Gates takes aim at need for reducing bureaucracy, spending
Defense Secretary Robert Gates challenged some sacrosanct Pentagon spending practices in a speech Saturday, directing military and civilian officials to find cuts in their overhead and operating costs and then transfer the savings to the fighting force.
ABILENE, Kan. — Defense Secretary Robert Gates challenged some sacrosanct Pentagon spending practices in a speech Saturday, directing military and civilian officials to find cuts in their overhead and operating costs and then transfer the savings to the fighting force.
In the speech, given on the 65th anniversary of the World War II victory in Europe, Gates said the Pentagon was wasting money it will no longer get, and he focused on targets as diverse as the cost of military health care, the large number of generals and admirals and the layers of bureaucracy involved just to send a dog team to Afghanistan.
"The attacks of Sept. 11, 2001, opened a gusher of defense spending that nearly doubled the base budget over the last decade," Gates said. "Military spending on things large and small can and should expect closer, harsher scrutiny. The gusher has been turned off and will stay off for a good period of time."
Gates, a carry-over Cabinet member from the Bush administration, has canceled or trimmed several dozen weapons programs, with long-term savings predicted at $330 billion. Now he is looking for complementary cuts across the Defense Department's civilian and military bureaucracies, the overseas headquarters and their operating costs.
The goal is to convert as much as 2 or 3 percent of spending from "tail" to "tooth," military slang for support services and combat forces. The money is "needed to sustain American's combat power at a time of war and make investments to prepare for an uncertain future," he said.
The current defense budget, not counting the cost of fighting in Iraq and Afghanistan, is $535 billion; the administration is asking for $549 billion for 2011.
While this may not seem like a significant savings, cuts of any size are certain to run hard against entrenched constituencies.
Gates said the nation owed high-quality health care to those in uniform, their families and veterans, but pointed out that members of the military health-care system have not been charged increases in premiums for 15 years, even though the program's annual cost has risen to $50 billion from $19 billion a decade ago.
His critique of top-heavy headquarters overseas was underscored by the date on which it was given but also by the location of the speech: the Dwight D. Eisenhower Presidential Library and Museum in Abilene. In his talk, Gates questioned why, two decades after the collapse of the Soviet Union, the Defense Department "still has more than 40 generals, admirals or civilian equivalents based on the continent" of Europe.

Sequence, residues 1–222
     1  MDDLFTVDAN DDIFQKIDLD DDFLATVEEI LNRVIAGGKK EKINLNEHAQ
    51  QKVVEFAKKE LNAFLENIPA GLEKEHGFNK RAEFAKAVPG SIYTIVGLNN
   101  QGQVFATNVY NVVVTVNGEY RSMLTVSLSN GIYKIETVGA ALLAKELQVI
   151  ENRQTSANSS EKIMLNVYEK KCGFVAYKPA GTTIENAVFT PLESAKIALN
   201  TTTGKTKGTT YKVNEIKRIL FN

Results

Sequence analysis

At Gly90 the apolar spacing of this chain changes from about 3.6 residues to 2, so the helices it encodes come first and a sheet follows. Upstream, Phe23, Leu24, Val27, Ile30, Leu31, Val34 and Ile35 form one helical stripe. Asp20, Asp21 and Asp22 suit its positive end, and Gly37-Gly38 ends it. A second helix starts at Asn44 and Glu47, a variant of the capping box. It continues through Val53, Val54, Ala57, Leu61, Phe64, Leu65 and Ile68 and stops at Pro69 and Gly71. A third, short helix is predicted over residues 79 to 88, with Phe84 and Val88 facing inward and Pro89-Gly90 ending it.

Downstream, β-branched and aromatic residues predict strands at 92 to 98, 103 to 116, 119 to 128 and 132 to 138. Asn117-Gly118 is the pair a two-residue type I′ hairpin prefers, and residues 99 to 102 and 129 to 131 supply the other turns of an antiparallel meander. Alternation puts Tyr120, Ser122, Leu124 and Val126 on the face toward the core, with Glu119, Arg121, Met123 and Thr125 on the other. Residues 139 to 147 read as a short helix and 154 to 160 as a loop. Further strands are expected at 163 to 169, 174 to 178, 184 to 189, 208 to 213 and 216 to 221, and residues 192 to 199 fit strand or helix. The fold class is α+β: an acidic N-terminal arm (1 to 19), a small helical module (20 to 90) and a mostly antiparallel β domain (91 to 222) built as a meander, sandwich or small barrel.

Eisenhower, the supreme allied commander in Europe during World War II, in his farewell address as president warned the nation of the menacing influence of an emerging "military-industrial complex."
Gates also took aim at the Pentagon bureaucracy. "Another category ripe for scrutiny should be 'overhead': all the activity and bureaucracy that supports the military mission," he said, citing an official estimate that overhead makes up about 40 percent of the Pentagon budget.
For example, a commander's request just for a dog-handling team to be sent to Afghanistan "has to go through no fewer than five four-star headquarters in order to be processed, validated and eventually dealt with," Gates said.
The Defense Department's spending on day-to-day operations and maintenance costs about $200 billion annually, twice as much as 10 years ago, not including costs in the war zones of Iraq and Afghanistan.
Among Gates' apparent targets for major cuts are the private contractors the Pentagon has hired in large numbers over the past decade to take on administrative tasks the military used to handle. The defense secretary estimated this portion of the Pentagon budget has grown by as much as $23 billion, not including the tens of billions of dollars spent on private firms supporting U.S. troops in Afghanistan and Iraq.
His new focus on slashing Pentagon bureaucracy also is driven by the realization that politics is severely constraining his ability to make cuts elsewhere.
He has noted, for example, that the United States maintains 11 aircraft-carrier strike groups at a time no other country has more than one, and he's questioned whether that huge advantage amounts to overkill.
The Pentagon, however, has no plans to scrap a $10 billion-to-$15 billion aircraft carrier, despite the vessels' increasing vulnerability to precision weapons. "I may want to change things, but I am not crazy," Gates said.
Gates, who was asked to stay in the job at the end of the Bush administration, has pledged to President Obama that he will serve at least through the end of this year. Asked whether he would be around after that, Gates replied, "We'll see what happens."
Compiled from The New York Times, The Washington Post and The Associated Press
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